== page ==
Cities and counties can restrict tobacco sales, Kansas attorney general says

Signs warning against the sale of tobacco to minors are displayed in the window of a Lawrence store, Thursday, Feb. 11, 2016.

? Cities and counties may use their home rule authority to enact local laws prohibiting the sale of cigarettes and other tobacco products to people under age 21, Attorney General Derek Schmidt’s office said Thursday.

In a formal attorney general’s opinion, Schmidt’s office said such local laws do not conflict with state law, which sets the minimum age at 18, because they do not allow the sale of tobacco products to people younger than 18. The local laws only go further than state law.

The opinion was issued at the request of Senate Vice President Jeff Longbine, R-Emporia.

“We also note that there is no statute that expressly authorizes persons at least 18 years of age to purchase cigarettes or tobacco products, so an ordinance or resolution such as you describe would not forbid that which a state statute authorizes,” the opinion states.

So far, 19 cities and counties in Kansas have enacted local laws raising the minimum age for buying tobacco products to 21. The most recent was the city of Topeka, which gave final passage to its ordinance on Dec. 5.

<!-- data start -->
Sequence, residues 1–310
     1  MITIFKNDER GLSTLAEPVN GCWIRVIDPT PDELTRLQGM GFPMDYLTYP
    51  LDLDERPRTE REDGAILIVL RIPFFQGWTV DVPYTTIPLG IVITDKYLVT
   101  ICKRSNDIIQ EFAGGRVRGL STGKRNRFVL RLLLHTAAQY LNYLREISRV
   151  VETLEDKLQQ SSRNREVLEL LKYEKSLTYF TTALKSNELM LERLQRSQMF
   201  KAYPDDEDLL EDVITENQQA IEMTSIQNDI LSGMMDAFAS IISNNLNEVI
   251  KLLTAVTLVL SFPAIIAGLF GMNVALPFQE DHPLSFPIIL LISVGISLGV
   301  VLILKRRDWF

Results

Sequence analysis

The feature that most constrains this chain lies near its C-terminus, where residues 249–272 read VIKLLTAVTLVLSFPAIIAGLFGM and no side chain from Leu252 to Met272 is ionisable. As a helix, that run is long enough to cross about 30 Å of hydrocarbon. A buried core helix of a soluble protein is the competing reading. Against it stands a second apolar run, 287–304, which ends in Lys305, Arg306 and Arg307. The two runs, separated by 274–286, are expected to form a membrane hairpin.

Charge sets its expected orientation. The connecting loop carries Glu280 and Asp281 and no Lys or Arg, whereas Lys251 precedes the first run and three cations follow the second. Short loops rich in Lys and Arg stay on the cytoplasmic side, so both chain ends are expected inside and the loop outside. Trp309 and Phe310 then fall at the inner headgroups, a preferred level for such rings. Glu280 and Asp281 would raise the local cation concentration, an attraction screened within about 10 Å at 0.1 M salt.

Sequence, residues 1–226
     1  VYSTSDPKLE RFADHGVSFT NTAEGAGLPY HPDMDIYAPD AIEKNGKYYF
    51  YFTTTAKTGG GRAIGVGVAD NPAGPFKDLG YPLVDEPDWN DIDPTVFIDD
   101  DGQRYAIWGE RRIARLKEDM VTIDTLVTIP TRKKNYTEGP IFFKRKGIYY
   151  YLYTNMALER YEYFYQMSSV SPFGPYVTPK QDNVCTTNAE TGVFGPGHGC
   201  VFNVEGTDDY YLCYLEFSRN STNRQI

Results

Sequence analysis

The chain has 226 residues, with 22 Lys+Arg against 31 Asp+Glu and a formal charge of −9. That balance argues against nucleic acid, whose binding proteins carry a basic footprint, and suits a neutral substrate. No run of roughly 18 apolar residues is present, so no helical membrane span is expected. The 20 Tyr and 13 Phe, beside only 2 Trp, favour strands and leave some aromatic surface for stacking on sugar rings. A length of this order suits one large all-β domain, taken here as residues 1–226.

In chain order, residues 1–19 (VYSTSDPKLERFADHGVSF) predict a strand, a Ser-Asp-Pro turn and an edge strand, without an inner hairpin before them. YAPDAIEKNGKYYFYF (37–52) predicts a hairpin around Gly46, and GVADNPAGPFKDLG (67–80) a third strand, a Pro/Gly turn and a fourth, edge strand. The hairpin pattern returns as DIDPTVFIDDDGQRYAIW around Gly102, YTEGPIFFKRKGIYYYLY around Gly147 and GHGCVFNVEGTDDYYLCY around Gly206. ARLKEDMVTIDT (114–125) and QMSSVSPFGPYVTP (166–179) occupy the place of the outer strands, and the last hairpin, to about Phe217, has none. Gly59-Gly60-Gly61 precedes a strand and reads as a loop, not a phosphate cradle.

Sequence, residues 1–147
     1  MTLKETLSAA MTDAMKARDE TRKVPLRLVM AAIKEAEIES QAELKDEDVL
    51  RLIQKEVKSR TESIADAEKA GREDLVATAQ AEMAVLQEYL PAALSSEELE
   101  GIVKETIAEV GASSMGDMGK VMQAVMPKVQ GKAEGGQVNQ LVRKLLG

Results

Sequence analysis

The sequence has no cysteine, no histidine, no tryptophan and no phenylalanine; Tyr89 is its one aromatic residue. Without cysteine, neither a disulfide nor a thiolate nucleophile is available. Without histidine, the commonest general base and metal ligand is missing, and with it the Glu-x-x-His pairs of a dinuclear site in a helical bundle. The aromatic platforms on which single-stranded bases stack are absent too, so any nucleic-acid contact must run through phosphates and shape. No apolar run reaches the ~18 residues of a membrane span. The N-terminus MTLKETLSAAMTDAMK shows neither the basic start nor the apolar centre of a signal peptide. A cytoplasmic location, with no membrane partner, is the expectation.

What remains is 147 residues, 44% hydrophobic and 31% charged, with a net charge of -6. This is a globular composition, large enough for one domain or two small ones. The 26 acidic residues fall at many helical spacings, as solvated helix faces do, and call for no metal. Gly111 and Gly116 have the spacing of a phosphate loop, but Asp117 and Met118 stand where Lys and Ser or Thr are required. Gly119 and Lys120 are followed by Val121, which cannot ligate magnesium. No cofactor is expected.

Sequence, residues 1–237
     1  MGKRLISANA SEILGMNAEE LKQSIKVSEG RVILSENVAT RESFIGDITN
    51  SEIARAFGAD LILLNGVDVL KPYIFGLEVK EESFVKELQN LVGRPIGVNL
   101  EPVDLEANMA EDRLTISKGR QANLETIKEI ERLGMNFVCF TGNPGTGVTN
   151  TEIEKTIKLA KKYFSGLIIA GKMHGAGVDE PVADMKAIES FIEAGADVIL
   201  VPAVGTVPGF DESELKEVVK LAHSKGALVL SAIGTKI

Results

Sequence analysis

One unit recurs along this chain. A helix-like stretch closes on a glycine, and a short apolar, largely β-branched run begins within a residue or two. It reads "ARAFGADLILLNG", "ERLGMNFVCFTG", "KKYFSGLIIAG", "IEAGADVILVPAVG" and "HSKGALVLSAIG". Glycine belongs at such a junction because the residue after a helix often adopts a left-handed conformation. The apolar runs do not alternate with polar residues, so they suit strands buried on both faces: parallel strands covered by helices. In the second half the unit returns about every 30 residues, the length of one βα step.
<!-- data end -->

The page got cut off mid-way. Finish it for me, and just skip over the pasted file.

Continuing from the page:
So far, neither Lawrence nor Douglas County has joined the movement, but some local health advocacy groups recently formed what they’re calling the Tobacco 21 Task Force, which recently held a public forum to organize support for such an effort.

Those efforts are part of a national movement called Tobacco 21, a project of the Preventing Tobacco Addiction Foundation that began in 1996.

In Kansas, attorney general’s opinions are not law, and they can be reversed by courts. But courts generally give them some deference, and they offer government entities some protection from lawsuits because they enable those entities to argue that their actions were based on the advice of counsel.

The opinion points out that Article 12, Section 5, of the Kansas Constitution gives cities authority “to determine their local affairs and government,” a power commonly referred to as “home rule.”

Counties have similar authority under a state statute that says they have the power “to exercise the powers of home rule to determine their local affairs and government.”

In recent years, Kansas lawmakers have passed legislation that cities and counties argue chips away at their home rule authority by prohibiting local governments from taking certain actions in areas such as gun control, minimum wage requirements and raising property taxes.

The attorney general’s opinion on limiting tobacco sales, however, could stymie any efforts in the 2018 session to take away that authority.